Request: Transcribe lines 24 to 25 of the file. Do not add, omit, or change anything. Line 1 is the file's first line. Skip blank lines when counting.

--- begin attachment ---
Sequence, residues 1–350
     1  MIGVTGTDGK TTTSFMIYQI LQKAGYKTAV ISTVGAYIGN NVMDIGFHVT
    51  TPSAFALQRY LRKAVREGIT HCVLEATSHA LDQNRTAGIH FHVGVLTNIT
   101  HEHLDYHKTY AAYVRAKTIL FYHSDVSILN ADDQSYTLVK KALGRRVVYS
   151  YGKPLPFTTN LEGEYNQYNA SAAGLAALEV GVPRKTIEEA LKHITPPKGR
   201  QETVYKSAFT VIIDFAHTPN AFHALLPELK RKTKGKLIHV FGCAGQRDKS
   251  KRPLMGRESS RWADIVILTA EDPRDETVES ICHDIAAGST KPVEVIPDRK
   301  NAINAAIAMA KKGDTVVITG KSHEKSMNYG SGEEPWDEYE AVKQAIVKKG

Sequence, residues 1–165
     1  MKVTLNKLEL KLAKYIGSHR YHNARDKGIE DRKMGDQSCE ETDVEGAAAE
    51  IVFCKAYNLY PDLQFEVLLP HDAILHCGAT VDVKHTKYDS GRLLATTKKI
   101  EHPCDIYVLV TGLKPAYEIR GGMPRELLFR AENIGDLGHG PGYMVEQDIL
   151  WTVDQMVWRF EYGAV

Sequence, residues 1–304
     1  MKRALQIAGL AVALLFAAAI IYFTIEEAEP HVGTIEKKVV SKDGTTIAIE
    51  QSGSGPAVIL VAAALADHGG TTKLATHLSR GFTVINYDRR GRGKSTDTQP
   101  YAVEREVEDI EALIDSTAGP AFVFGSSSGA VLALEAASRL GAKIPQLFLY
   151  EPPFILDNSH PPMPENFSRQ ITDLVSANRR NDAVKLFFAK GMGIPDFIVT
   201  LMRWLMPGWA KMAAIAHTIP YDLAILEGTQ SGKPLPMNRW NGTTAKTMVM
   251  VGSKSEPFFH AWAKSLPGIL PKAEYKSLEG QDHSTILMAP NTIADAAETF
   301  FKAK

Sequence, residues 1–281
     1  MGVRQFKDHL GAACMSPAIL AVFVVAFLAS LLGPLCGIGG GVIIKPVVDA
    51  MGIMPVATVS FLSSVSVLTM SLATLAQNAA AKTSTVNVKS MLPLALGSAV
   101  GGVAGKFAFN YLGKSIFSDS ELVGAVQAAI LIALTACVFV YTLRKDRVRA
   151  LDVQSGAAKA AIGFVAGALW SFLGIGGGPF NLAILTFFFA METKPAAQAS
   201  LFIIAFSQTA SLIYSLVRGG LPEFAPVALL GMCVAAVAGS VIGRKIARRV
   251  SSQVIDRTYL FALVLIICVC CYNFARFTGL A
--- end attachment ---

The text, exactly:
    51  MGIMPVATVS FLSSVSVLTM SLATLAQNAA AKTSTVNVKS MLPLALGSAV
   101  GGVAGKFAFN YLGKSIFSDS ELVGAVQAAI LIALTACVFV YTLRKDRVRA